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Stargate Universe: Seizure

... in which Rush and Dr. Perry find a way to enjoy some physical contact, while Telford enlists Rodney McKay and Richard Woolsey in an attempt to dial Destiny’s nine-chevron address from another planet’s Stargate.

My initial reaction to this one was anger. Anger at wasted potential and overlooked opportunities. Anger at the disrespect shown for a former team member. Anger at the rather trite direction they chose to take last week’s interesting conclusion. But … my lead in programming to ‘Seizure’ was the two-hour premiere of AMC’s intriguing new series, The Killing, which emotionally wrecked me, so I decided I’d better give the latest SGU a second chance before passing final judgment.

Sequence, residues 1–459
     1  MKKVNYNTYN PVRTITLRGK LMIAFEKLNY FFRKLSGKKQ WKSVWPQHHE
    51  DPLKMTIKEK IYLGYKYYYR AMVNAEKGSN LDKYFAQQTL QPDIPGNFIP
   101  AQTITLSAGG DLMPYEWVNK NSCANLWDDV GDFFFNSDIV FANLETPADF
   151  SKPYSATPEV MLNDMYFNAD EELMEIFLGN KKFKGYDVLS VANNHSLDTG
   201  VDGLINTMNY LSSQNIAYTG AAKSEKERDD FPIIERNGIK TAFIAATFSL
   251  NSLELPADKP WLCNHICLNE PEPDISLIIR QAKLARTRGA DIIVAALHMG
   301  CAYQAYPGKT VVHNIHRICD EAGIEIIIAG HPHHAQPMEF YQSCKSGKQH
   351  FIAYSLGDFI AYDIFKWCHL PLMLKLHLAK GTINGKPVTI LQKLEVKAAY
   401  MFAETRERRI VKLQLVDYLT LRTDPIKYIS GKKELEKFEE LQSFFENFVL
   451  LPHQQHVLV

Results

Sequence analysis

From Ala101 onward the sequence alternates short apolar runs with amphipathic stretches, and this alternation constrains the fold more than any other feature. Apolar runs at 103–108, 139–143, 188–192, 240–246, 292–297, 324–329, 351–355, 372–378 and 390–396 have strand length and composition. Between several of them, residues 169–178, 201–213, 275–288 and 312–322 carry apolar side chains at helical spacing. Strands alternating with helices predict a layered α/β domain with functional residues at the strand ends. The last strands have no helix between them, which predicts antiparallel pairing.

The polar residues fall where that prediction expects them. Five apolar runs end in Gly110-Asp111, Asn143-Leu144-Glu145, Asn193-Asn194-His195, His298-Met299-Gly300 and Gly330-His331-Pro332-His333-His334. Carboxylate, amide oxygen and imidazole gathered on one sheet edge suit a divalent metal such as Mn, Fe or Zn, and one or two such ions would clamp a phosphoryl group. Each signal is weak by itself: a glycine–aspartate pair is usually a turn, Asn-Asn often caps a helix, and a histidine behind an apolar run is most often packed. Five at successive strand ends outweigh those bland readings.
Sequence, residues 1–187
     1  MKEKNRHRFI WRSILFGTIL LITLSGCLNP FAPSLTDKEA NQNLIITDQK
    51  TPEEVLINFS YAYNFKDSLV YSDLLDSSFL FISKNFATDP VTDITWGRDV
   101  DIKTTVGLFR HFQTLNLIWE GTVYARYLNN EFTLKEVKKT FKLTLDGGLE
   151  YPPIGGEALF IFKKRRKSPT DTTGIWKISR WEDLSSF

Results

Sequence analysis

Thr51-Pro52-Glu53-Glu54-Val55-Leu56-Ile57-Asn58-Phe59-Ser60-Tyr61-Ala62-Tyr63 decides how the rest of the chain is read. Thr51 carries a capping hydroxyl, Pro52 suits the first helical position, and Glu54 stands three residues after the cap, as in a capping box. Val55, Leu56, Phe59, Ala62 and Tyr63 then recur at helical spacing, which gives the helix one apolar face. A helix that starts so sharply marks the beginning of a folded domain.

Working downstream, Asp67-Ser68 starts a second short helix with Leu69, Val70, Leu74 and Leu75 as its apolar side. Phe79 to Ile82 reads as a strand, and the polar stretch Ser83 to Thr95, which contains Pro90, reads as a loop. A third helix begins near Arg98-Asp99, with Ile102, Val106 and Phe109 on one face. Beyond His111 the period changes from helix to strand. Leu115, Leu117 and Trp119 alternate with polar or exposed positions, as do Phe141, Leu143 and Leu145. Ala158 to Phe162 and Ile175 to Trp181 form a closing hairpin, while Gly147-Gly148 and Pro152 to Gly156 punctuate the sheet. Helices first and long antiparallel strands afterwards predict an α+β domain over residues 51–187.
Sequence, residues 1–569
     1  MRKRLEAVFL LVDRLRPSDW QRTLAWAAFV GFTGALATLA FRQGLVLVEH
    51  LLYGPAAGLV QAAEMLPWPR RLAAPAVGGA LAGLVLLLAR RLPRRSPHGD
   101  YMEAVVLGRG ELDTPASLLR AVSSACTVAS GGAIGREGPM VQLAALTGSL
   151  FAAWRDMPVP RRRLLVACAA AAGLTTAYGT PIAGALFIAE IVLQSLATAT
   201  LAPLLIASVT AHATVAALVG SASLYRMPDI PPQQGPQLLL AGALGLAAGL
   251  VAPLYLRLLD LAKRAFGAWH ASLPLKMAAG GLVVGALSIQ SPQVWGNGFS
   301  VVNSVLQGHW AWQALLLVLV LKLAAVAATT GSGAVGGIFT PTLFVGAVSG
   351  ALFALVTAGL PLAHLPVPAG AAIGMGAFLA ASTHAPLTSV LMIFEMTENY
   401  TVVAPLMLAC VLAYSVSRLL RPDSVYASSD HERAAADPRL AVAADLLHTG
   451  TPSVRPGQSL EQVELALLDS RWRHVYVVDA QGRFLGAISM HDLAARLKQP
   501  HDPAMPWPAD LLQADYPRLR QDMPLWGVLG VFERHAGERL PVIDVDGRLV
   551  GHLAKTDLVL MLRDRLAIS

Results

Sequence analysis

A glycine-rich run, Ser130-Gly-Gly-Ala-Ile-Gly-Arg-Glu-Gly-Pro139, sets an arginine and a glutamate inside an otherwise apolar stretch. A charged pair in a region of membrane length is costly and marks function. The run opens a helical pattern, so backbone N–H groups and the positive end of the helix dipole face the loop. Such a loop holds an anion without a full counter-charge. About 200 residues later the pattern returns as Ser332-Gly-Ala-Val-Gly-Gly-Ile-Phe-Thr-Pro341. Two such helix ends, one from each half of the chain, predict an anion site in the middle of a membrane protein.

After watching a second time, the verdict is ... yeah, I’m still angry. And even the always appreciated presence of Spy Daddy, Victor Garber, wasn’t enough to soothe the savage beast.

Where to even begin? How about with the Milky Way events. Obviously, we’re not supposed to think Homeworld Command made the best choices here, given the complete and utter failure of the mission. “Lieutenant, in the grand schemes of things, I think that was the best decision any of us has made all day.” That said, I just don’t find it all that believable that they would or would need to make those choices in the first place.